The church today is dangerously close to forgetting the past.
During a recent visit with my parents in Georgia, two of my daughters asked if they could listen to a tape recording my father made in 1962 when I was only 4 years old. So my dad rummaged through some drawers and found the old reel-to-reel tape. Then he went to the garage and found an old tape player that no one in the family had used since the Nixon administration.
To our surprise the scratchy tape actually played without breaking, and my girls laughed when they heard me—in a babyish Southern drawl—describing a fishing trip with my grandfather. After my “interview,” it switched to an older recording that included comments from my four grandparents—all of whom died years ago. The sound of their voices unearthed random memories of family reunions, porch swings and big Sunday dinners.
It’s weird how a voice from the past can whisk you back in time. Lately I have been listening to the words of some dead Christian heroes—not by way of a tape player or an iPod, but by reading their classic books. It has made me realize that the church today is dangerously close to forgetting the past.
Their names are probably familiar to you. Andrew Murray. Charles Spurgeon. Fanny Crosby. Watchman Nee. A.W. Tozer. William Seymour. Corrie ten Boom. Leonard Ravenhill.
These people knew a spiritual depth that is on the verge of extinction. They challenged the Christians of their generation to embrace repentance and humility. They understood a realm of spiritual maturity and godly character that few of us today even aspire to obtain. What was their secret?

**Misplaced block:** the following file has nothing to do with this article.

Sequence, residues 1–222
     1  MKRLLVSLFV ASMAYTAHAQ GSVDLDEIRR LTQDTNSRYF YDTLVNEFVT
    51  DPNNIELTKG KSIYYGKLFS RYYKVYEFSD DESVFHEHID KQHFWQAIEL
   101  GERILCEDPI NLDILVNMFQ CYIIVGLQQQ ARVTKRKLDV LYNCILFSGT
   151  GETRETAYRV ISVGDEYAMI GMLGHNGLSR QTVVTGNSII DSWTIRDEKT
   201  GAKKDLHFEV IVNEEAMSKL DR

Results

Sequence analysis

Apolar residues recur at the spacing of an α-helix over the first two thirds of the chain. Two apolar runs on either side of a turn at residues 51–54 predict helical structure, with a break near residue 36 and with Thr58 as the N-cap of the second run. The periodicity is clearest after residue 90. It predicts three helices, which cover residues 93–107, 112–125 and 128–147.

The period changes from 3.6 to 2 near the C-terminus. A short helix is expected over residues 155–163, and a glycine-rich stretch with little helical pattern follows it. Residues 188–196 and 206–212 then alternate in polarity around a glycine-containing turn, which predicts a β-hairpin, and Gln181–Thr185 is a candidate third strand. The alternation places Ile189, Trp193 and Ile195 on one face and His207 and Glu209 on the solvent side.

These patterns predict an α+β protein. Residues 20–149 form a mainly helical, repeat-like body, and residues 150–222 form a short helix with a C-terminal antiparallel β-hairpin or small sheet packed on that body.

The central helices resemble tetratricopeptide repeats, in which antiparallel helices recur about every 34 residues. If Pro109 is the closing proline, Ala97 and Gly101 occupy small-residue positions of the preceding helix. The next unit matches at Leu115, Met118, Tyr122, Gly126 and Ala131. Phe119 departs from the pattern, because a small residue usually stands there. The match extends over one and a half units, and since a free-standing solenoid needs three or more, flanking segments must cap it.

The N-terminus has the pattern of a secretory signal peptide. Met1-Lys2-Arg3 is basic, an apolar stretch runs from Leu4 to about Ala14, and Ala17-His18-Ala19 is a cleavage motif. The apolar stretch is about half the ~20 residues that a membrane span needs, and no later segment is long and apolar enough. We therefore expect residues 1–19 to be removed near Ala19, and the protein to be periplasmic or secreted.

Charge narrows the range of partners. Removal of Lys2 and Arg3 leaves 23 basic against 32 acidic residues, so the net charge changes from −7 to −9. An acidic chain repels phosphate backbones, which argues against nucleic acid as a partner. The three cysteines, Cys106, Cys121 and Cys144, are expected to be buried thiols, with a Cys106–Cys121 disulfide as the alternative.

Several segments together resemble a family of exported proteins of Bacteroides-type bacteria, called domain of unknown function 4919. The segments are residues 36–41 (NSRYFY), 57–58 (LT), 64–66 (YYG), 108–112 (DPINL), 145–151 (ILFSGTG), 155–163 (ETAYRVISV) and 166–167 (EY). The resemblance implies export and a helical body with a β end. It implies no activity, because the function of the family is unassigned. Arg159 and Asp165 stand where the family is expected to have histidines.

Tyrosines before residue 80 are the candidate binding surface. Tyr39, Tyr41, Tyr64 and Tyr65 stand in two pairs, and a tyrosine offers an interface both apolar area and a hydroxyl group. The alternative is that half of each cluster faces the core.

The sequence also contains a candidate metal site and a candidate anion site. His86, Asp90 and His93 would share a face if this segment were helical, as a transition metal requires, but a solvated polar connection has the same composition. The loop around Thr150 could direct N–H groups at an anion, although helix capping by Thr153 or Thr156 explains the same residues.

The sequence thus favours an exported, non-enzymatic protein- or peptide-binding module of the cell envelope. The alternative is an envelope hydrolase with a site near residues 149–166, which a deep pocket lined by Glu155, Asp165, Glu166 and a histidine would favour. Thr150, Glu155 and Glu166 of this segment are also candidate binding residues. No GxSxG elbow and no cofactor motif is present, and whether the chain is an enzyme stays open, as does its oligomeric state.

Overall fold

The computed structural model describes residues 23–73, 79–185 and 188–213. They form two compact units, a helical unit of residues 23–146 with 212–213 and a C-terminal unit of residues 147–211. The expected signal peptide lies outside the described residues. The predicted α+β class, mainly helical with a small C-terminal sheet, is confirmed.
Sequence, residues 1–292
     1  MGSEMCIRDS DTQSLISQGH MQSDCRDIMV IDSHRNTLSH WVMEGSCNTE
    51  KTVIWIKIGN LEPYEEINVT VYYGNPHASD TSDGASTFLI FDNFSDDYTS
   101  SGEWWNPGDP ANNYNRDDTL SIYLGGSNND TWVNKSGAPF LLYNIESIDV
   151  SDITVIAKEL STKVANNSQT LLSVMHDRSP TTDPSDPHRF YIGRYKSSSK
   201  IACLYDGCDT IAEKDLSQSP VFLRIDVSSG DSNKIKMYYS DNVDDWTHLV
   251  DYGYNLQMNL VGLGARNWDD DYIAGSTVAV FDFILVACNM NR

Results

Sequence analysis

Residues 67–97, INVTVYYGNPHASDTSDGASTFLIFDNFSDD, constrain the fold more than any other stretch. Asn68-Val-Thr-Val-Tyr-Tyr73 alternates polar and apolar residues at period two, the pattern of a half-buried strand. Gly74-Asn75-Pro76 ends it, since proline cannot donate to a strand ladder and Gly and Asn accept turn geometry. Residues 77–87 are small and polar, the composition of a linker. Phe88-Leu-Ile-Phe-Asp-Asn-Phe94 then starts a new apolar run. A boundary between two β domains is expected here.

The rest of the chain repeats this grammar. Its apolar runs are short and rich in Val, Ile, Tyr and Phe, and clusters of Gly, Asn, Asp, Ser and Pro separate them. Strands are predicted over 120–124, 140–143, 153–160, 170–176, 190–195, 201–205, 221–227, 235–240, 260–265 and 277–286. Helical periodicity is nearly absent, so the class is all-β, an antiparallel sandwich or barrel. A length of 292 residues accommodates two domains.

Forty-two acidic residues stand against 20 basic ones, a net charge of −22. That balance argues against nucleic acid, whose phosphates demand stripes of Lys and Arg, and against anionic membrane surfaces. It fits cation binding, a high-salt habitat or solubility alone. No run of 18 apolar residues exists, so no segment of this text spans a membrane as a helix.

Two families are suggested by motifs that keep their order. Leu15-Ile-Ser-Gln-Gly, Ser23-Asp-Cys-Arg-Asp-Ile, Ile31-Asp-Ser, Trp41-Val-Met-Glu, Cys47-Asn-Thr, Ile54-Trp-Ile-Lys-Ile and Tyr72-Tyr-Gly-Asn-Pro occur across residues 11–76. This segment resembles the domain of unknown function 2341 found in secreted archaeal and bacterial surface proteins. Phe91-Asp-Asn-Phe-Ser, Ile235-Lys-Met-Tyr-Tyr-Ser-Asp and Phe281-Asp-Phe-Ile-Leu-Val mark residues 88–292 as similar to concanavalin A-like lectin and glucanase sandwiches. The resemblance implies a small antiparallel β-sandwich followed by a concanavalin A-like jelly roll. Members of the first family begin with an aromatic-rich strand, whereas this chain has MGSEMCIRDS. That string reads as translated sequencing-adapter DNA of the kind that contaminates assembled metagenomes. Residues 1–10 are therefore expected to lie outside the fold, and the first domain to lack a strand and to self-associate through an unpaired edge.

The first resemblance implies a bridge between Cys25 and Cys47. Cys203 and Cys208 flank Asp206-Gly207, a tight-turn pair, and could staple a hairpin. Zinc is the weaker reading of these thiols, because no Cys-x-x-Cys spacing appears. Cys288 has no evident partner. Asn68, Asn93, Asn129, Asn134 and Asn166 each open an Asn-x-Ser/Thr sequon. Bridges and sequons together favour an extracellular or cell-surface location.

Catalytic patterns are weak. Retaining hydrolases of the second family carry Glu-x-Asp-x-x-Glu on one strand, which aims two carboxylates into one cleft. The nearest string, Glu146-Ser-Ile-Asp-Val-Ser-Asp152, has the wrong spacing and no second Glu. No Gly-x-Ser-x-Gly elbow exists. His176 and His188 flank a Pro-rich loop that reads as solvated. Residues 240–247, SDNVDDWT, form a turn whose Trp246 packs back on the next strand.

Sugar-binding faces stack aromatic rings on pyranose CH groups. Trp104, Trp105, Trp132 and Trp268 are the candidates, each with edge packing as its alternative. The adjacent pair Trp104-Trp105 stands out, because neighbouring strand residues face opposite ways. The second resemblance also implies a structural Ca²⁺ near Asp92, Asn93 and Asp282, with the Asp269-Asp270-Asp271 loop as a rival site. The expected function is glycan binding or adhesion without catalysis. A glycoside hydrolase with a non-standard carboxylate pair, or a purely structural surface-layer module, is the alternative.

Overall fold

They considered brokenness, selflessness and sacrifice the crowning virtues of the Christian journey. They called the church to die to selfishness, greed and ambition. They knew what it means to carry a “burden” for lost souls. They challenged God’s people to pursue obedience—even if obedience hurts.
Even their hymns reflected a level of consecration that is foreign in worship today. They sang often of the cross and its wonder. Their lyrics focused on the blood and its power. They sang words of heart-piercing conviction: “My richest gain I count but loss / And pour contempt on all my pride / Forbid it, Lord, that I should boast / Save in the death of Christ, My God.”
In so many churches today the cross isn’t mentioned and the blood is avoided. Worship is a canned performance that involves rhythm and orchestration but offers no substance. We produce music that is trendy but lacks heart and cannot evoke tears.
In the books Christians buy today you will find little mention of brokenness. That isn’t what sells. We are not interested in a life that might require suffering, patience, purging or the discipline of the Lord. We want our blessings and we want them now. So we look for the discounted brand of Christian self-help that is quick and painless.
We’re running on empty. We think we are sophisticated, but like the Laodiceans we are actually poor, blind and naked (see Rev. 3:17). We need to return to our first love but we don’t know where to begin.
These voices from the past will help point the way. Recently I’ve found myself drawn to read Ravenhill, ten Boom, Murray and Tozer. I’ve even dusted off an old hymnal and rediscovered the richness of songs that I had thrown out years ago—because I thought anything old was just religious and traditional.
Of course we need today’s fresh revelation. But we also must dig for the timeless treasure buried by faithful saints who paid a high price to know Jesus intimately. We will never effectively reach our generation if we don’t reclaim the humility, the consecration and the travail that our spiritual forefathers considered normal Christianity.
J. Lee Grady is editor of Charisma and author of 10 Lies the Church Tells Women (Charisma House). His ministry, The Mordecai Project, focuses on empowering women in ministry and confronting abuse. To subscribe to his regular online column, go to www.charismamag.com.